My main problem with the whole process is how physically draining and uncomfortable it is, and how long it takes. Get on with it, you, and be over.
I meant to do this last year, and then real life intervened. But now I hope I am getting back on the horse and I’ve finally uploaded the second edition of The Wages of Sin to Kindle.
Now re-released in a Kindle exclusive for the next 90 days. (After which it will also be available from Kobo and Smashwords.)
Now with the companion short story ‘Communion’ included.
Review for The Wages of Sin from Jessewave:
If you love the deeply Gothic, then this will certainly be your cup of horror, as the book positively drips with it…. an utterly spellbinding and spooky read, a cracking mystery and a really lush piece of Gothic literature.
Review from Dear Author
I don’t think I’ve ever FELT like I was *in* a particular time more than I did in this book.
Charles Latham, wastrel younger son of the Earl of Clitheroe, returns home drunk from the theatre to find his father gruesomely dead. He suspects murder. But when the Latham ghosts turn nasty, and Charles finds himself falling in love with the priest brought in to calm them, he has to unearth the skeleton in the family closet before it ends up killing them all.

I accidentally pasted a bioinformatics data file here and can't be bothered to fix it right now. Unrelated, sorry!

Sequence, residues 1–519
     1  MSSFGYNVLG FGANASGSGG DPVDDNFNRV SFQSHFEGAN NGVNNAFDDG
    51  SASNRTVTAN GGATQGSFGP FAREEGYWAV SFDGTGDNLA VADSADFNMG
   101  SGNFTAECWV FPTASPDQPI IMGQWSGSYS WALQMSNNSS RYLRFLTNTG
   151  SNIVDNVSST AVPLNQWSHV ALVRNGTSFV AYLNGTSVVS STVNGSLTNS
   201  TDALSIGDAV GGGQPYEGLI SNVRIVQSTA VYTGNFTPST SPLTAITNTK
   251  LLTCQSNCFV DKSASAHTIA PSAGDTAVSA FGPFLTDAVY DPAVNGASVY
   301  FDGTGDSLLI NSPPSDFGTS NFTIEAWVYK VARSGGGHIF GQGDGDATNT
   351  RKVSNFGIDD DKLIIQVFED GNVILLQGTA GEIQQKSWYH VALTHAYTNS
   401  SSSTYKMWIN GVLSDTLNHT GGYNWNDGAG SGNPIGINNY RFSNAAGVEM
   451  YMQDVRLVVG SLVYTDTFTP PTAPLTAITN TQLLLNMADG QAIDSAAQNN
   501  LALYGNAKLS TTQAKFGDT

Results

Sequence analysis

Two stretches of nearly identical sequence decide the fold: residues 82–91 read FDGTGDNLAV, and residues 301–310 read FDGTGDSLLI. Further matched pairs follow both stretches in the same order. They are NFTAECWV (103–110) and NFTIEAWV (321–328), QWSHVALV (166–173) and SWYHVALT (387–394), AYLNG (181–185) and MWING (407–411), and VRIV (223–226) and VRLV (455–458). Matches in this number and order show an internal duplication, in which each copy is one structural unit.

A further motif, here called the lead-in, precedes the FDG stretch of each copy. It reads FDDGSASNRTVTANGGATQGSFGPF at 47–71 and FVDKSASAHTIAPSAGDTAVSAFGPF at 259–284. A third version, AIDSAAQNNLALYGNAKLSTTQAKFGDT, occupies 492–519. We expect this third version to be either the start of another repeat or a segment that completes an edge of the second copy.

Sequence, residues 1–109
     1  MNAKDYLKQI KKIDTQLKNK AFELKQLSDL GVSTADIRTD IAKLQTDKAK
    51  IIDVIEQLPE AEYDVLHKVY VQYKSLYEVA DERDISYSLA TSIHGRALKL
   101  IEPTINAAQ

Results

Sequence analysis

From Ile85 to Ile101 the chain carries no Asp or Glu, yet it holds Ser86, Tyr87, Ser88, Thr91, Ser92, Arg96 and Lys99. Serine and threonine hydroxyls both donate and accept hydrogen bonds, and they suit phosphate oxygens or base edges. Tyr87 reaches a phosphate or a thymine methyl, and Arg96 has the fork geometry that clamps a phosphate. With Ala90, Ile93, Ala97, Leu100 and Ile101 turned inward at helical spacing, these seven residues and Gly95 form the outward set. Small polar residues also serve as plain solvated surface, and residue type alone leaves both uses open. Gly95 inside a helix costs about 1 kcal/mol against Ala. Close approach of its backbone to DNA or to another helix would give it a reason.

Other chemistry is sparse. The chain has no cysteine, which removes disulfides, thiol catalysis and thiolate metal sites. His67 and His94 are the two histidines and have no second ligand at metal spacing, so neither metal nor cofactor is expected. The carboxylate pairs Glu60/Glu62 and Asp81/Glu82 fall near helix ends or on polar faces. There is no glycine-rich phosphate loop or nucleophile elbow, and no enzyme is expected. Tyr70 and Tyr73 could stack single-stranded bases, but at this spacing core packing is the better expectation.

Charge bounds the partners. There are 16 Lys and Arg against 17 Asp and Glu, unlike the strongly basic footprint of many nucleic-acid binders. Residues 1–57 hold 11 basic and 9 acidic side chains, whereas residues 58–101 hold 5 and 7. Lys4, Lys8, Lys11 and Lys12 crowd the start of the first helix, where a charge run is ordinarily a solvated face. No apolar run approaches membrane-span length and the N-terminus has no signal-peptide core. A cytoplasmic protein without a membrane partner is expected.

Charles wrapped his arms around himself and chafed his biceps to get some warmth into them. Cold radiated out from the marrow of his bones, nestled in his heart like a shard of ice. But the old felted blanket around him glowed in the lantern light with blue, yellow and red stripes, speckled with dog hair. He basked in wet dog and horse smell; brass polish, leather wax, and Floyd’s orange-flower-water cologne. These things and the terror that had passed could not exist in the same world, surely?
“A cloud,” he said, in a reedy, shocked voice. “There was a cloud. A black cloud. It… it rushed at me, and….”